Last Updated on October 31, 2022
Do you know when the best time is to harvest hubbard squash? We will be filling you in about what you need to know about harvesting hubbard squash in this post.
Hubbard squash is a type of winter squash that is botanically classified as Cucurbita maxima. The harvest peak season of this type of winter squash is from mid-autumn down through early winter. Hubbard squash is an excellent option for sweet-tasting winter squash that you can prepare and serve on a cold, late autumn evening.
But when it comes to selecting or harvesting the best hubbard squash, there are some things to look out for. This is why we would be looking at when to harvest hubbard squash so you can pick the best fruit and enjoy this great-tasting squash.
Hubbard Squash Description
Hubbard squash is a winter squash from the family of Cucurbita maxima and this family also includes kabocha squash, banana squash, turban squash, and so on.
This type of winter squash is a large-sized fruit that can grow up to 12 inches (30 cm) in diameter. The fruit can grow from 5 pounds to as heavy as 40 pounds.
Hubbard squash has this hard and inedible outer skin. The shape of hubbard squash can come in a teardrop shape that looks pointed at both ends or they can simply be round and squat.
There are two main varieties of the hubbard squash which are the blue and golden squash. The blue hubbard squash comes in a moody greyish-blue skin. The golden Hubbard on the other hand is bright orange.
The colors are the only differences between these two hubbard squash (blue and golden hubbard squash). They are both similar when it comes to their inner color, texture, as well as taste. They are both chubby and robust in shape and they can weigh an average size of around 8 to 20 pounds.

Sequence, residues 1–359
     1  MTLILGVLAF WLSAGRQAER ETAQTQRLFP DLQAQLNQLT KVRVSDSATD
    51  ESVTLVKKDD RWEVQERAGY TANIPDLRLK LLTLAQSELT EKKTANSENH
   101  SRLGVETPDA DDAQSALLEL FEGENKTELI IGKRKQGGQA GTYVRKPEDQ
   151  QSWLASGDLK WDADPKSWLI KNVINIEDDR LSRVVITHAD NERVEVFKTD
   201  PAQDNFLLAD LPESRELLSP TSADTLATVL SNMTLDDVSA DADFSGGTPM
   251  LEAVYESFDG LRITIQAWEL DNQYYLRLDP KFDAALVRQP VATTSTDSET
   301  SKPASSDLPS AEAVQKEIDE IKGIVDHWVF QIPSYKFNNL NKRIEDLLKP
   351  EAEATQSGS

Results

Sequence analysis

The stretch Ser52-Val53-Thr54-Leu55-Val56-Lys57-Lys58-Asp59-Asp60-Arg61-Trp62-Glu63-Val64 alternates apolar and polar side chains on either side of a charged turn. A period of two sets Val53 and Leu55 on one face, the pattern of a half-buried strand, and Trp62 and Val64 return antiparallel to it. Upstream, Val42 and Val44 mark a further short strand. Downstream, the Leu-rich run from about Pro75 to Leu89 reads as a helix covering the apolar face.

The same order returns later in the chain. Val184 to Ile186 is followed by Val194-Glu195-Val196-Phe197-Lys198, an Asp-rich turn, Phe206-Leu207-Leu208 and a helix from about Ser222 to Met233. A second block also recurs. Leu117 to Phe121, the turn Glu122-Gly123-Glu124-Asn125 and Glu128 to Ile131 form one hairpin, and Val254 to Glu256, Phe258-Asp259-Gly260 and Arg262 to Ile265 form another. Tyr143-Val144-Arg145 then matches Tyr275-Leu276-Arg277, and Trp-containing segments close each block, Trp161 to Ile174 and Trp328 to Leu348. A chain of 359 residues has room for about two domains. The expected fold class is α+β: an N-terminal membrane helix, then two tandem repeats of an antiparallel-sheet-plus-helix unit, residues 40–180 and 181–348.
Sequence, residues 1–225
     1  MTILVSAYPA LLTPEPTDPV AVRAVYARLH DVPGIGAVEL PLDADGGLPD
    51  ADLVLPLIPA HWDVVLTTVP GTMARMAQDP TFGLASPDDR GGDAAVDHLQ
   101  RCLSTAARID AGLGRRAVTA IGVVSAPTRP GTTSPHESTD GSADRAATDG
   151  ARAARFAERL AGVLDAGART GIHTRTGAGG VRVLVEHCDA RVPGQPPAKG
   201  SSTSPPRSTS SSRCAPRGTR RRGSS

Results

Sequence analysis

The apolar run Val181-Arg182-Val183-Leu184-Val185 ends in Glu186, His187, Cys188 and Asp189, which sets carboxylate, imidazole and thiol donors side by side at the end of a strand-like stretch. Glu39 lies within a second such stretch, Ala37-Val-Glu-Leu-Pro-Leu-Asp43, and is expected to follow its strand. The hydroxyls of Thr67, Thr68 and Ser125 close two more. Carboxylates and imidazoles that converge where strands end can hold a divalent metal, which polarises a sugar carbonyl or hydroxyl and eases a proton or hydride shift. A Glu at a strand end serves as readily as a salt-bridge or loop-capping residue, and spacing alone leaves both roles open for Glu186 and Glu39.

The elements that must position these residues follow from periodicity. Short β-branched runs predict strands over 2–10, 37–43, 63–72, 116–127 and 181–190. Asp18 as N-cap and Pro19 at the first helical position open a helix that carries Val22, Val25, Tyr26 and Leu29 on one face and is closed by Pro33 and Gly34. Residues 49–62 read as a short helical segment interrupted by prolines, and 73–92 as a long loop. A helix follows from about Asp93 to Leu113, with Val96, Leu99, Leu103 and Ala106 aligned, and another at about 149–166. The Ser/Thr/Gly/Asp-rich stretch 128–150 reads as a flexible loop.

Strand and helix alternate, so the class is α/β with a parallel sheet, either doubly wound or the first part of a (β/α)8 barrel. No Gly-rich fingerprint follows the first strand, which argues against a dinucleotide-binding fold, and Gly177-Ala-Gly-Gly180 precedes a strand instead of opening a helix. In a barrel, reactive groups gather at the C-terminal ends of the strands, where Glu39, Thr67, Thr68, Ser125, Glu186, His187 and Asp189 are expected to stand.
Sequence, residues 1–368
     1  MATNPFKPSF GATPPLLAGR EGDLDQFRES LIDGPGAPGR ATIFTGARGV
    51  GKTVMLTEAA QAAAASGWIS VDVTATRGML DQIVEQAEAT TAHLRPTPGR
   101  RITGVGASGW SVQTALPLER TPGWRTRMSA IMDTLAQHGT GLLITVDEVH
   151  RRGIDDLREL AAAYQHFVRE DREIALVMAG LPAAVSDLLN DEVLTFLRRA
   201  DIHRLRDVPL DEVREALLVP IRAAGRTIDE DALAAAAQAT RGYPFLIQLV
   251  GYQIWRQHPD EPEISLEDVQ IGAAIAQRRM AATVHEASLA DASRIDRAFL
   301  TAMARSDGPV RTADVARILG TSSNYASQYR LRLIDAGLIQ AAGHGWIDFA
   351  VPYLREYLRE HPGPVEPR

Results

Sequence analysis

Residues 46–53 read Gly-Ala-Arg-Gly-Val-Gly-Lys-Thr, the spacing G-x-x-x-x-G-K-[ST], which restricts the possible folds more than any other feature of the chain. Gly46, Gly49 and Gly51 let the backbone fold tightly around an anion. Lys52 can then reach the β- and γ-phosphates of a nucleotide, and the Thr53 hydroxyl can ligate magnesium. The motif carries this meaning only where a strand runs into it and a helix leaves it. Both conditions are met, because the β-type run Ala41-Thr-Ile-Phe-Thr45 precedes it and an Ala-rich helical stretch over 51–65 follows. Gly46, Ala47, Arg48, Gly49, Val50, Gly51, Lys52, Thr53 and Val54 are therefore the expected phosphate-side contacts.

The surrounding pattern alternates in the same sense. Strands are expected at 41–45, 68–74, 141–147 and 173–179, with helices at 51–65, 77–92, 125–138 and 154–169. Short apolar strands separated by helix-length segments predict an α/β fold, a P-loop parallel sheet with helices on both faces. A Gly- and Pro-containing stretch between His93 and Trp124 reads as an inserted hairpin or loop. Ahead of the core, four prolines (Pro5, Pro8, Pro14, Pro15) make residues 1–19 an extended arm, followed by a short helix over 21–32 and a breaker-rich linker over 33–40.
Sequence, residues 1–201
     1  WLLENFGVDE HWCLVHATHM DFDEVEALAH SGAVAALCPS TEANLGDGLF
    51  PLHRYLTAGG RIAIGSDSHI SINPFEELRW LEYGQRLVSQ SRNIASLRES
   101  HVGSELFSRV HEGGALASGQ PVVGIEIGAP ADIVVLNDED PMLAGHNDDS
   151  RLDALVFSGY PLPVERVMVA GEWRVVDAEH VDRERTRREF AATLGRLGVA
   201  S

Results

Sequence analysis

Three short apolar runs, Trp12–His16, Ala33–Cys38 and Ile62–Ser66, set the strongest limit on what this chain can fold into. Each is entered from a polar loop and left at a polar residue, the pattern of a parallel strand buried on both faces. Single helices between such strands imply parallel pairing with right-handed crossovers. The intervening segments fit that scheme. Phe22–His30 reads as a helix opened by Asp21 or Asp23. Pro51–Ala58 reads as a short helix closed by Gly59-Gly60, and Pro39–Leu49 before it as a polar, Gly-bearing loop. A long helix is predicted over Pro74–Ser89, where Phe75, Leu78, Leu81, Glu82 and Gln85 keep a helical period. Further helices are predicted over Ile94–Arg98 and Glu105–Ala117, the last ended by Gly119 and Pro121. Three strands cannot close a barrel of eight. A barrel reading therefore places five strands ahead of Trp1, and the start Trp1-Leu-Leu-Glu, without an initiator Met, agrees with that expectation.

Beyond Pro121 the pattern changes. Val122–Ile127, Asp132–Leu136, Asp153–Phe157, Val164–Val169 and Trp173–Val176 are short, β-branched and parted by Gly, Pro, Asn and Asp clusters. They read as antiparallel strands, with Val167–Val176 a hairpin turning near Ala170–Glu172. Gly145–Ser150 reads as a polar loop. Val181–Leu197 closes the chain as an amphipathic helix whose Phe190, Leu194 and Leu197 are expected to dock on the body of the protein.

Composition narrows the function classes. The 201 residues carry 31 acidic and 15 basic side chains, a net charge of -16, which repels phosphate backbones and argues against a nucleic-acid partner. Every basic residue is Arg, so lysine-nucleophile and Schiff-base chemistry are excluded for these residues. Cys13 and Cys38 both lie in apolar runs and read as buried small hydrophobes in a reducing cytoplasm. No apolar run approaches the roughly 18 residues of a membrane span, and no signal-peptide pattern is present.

Therefore, when to harvest the blue hubbard squash is the same as when to harvest the golden hubbard squash.
Once you cook the flesh of hubbard squash, it has this starchy and smooth feel. It also has this sweet carrot-like flavor as well as buttery taste.
Harvesting Hubbard Squash
Hubbard squash has a fairly long growing season. It takes about 110 days for hubbard squash to attain maturity. Therefore, if you wish to start growing some hubbard squash, you should pretty start early.
The hubbard squash is allowed to mature on the vine. Harvest when the fruit is as hard as a rock. The stem should also be full and corklike.
Harvesting hubbard squash usually starts around August up until March. However, the peak to harvest this squash is around October through January.
When Is The Best Time To Harvest Hubbard Squash
The hubbard fruit should be ready for harvest in about 50 to 55 days after the fruit sets. However, note that the exterior that tends to be hard doesn’t indicate the ripeness of hubbard squash.
Additionally, the best way to know when hubbard squash is ready for harvest is when the maturation day has passed. This maturation date is usually around 100 to 120 days. Also, you can wait until the vine starts to die off to ascertain the hubbard squash is ready for harvest.